Recently in the Miami Herald there was an article outlining the details of the Miami Dolphins quest to get public funding for a new canopy style roof for Sunlife Stadium. There is no doubt that the stadium is beginning to show signs of its true age but fresh in the memory of every Miami-Dade county resident is the debacle of Marlins Park. For those not aware of the issue, Marlins Park was built with primarily public tax revenue after the Marlins organization claimed that they were not able to provide for the costs themselves. It was not four years after the approval that the Marlins ledger’s showed that the team was rolling in a lake of cash from Major League Baseball revenue sharing.
Not a year later from the incident that caused an epidemic of people calling into sports radio shows to complain about how the organization stole money from citizens, the Dolphins feel as if they might get $200 million from the county. The Dolphins are sticking to the plan that without a Super Bowl, Miami’s 11% tax on tourists will begin to dwindle. They claim that the money for the roof project will solely come from that revenue stream. This is essentially the same argument the marlins made all those years ago. The problem doesn’t lie whether they should be entitled to revenue from the tax, because they indeed pack hotels and restaurants when the super bowl is in town. The problem is whether or not any public funding should go into the back pocket of billionaire owners that will fill their bank accounts with greater profits. To play devil’s advocate, who is to say that Miami will get either Super Bowl 50 or 51?
Yet, beside all the negatives against the Dolphins, they somehow got a way to get their issue to a referendum. Not only will the constituents of Miami-Dade County get to vote on whether or not they want over $200 million of tax dollars going into the beautification, but the Dolphins will foot the bill for the elections! It makes me scratch my head and wonder why “Lucifer Loria” hasn’t picked up the phone and asked for their public relations team. The truth is that if this referendum passes, the Dolphins get the biggest tax break in Florida history. The team will get $289 million in funding from a tax hike on tourism and then only have to return $112 million to the county after 30 years. Let’s put 30 years in perspective here. Stephen Ross (Dolphins owner) is now 73, you do the math, 30 years later the man will be 103 and likely six feet under. For those of you who don’t have the pleasure of knowing who Stephen Ross is I’ll make it sweet and simple. The once real-estate mogul is worth $4.4 billion dollars, so are the Dolphins really trying to suggest that one of the more popular NFL franchises can’t afford the renovations on their own dime?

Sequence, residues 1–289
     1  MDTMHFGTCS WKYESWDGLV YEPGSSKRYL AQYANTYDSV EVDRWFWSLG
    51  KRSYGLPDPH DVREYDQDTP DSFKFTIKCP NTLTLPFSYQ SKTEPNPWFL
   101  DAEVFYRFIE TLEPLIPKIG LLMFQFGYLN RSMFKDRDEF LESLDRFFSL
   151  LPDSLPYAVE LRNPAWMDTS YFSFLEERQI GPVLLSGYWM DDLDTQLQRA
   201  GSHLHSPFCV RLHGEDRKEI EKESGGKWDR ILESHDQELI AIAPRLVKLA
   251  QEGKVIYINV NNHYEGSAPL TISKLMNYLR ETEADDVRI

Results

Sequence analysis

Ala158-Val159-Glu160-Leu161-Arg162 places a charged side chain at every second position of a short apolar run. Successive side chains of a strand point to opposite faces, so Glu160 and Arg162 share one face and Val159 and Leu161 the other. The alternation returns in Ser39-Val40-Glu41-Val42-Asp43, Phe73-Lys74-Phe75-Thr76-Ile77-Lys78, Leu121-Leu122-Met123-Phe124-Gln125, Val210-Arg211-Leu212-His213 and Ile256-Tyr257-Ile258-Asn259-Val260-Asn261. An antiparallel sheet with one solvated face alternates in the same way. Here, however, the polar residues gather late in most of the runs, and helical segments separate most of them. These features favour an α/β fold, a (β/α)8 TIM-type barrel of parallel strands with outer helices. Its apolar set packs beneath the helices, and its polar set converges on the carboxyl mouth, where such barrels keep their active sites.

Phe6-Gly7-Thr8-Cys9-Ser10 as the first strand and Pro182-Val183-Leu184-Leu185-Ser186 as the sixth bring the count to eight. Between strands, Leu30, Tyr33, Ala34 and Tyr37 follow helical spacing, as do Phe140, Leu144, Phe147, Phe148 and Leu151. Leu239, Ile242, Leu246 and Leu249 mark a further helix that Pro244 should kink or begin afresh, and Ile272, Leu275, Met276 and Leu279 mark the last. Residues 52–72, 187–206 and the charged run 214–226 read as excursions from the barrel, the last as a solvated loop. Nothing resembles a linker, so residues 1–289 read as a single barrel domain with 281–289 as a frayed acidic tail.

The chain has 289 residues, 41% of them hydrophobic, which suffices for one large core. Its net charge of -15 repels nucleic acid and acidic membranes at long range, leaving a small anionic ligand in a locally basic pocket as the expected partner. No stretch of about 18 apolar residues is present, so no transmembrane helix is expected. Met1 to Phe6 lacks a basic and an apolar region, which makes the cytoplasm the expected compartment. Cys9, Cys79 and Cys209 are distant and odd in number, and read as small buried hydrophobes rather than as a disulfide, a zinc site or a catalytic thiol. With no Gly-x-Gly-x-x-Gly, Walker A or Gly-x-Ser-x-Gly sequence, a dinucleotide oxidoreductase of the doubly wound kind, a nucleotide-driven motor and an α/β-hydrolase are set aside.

The everyday citizen of Miami-Dade County will never see any improvements in their lives from the money that the professional sports teams get to “beautify” these stadiums. Roads will not be paved, potholes won’t be fix, trash won’t be collected an extra day per week, schools won’t get improvements, and parks won’t be built in the high populated areas. These teams, time and time again, get the money they request then build public relations facilities in an area that “will enhance growth”. Building a miniature football stadium in an impoverished part of the county will not win the hearts of the people within the community nor within the tax payers that are burdening the bill. There is no economic impact on the average citizen that makes these investments worthy. Sure, maybe I won’t sweat as profusely when I’m watching a game, but taking money that can be easily allocated to departments such as public works, water and sewer, environmental resources, and most importantly education will never be worth me dropping a few extra beads of sweat. How would we ever know that the money they use is only coming from that specific tax revenue? Should the tourism industry begin to pool away their allocated taxes and then provide the numbers separately from the county? That would be the only way to actually tell who indeed is paying for these projects.
Omar Moubayed can be followed on twitter @Moubayed11